On the prospect of Doctor Who returning (pre-2005)

Eventually, there will be another TV series of Doctor Who. And it will fail horribly, because inevitably it’ll be aimed at the kind of fan-targeted SF market that didn’t even exist until Star Trek: The Next Generation came along and spoiled everything. Doctor Who only works as a family adventure series, but when it finally comes back you can bet any money you want it’ll be like Babylon 5 or something. It’ll only last one series, maybe two. So then the TV programme will be dead forever.

On Doctor Who in 2010

Moffat tries to make the Doctor a fetish-object, because that’s how we think of him as long-term Doctor Who viewers, and because we’re the ones to whom he’s pandering. (Well, not me. But you know what I mean). What the author’s actually doing is ensuring the Doctor’s worthlessness. If you make someone all-powerful, then power’s worth nothing at all, especially if you do it just to reinforce fan-opinion of the safe and clean-cut Boy One.

Steven Moffat (2010)

June 25, 2010

I’ve lost track of whether any of the information in these quotes contains spoilers, so caution is advised. These come from various sources, and are all related to series 5, or 6, or the 2010 Christmas Special, or other current stuff:

On becoming the showrunner

I was boarding a plane when it happened: Russell sent me an e-mail as I was about to fly to Athens for a meeting about the incredibly short-lived Greek version of my comedy Coupling. I found out subsequently that heavy hints had been dropped twice before about me taking over the show, but I’d been too slow and too hungover to pick up on them.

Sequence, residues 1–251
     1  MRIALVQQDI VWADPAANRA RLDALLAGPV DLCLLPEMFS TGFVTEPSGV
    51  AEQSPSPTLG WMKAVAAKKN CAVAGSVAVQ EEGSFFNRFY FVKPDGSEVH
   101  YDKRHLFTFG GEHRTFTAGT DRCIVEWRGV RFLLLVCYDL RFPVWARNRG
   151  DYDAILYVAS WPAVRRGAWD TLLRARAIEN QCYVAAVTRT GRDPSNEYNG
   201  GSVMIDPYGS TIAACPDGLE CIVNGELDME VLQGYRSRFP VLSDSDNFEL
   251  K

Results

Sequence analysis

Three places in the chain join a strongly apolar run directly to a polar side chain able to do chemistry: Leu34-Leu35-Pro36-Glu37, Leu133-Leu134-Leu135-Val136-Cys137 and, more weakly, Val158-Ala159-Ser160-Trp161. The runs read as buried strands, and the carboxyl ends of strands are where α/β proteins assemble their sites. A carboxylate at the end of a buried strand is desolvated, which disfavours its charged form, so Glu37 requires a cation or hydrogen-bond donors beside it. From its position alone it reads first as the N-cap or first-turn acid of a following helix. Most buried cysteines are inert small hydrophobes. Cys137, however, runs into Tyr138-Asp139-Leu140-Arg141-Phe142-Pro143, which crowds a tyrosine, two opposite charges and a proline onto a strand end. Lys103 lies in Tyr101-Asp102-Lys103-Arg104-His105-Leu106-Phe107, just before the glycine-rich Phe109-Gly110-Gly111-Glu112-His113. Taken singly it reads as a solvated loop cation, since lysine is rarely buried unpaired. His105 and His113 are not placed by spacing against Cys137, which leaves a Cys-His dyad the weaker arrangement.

On series five

Doctor Who is an incredibly difficult programme to make. Since the first day of filming, when the tide came in early and chased us off the beach, we’ve been in a state of crisis. Now, a television crisis isn’t a real crisis but it’s still enough to stop you thinking about these weird, metaphysical things, like the show’s importance in terms of so-called 3GTV (three-generation television, appealing to children, parents and grandparents] or how it’s down to me and Simon Cowell to keep the fabric of society together.

On The Big Bang

The universe has ended, mate, he’s dead. The Doctor is in the Pandorica, there’s this little voice saying: ‘Hello, that was a big bang wasn’t it? Oh, something happened out there?

On the 2010 Christmas Special

There will be a Christmas special – well, a flashback Christmas special – but no, we won’t be telling you anything, not a single thing. It’s too early.

On series six

(It’ll be) similar (to seriees 5) in the sense that it’s an arc that doesn’t get in the way too much.

On Russell T. Davies returning

He said ‘Don’t even ask me for series five because I’m just knackered, I just want to go lie down’, and I think I’ll find out how that feels. But I did ask him for series six, and I always will.

He’s pretty adamant that he’s not going to (come back). I’m in constant touch with him. He did an awful lot of ‘Doctor Who’ for an awful lot of years, and I think he’s finding it in a way hard, because in effect he’s done a ‘Doctor Who’ story for ‘The Sarah Jane Adventures’. So I think he probably wants to get away from it for a bit. I can understand that, because he did a hell of a lot. It would be just joyous to get him back, becaus I miss him.

On his writing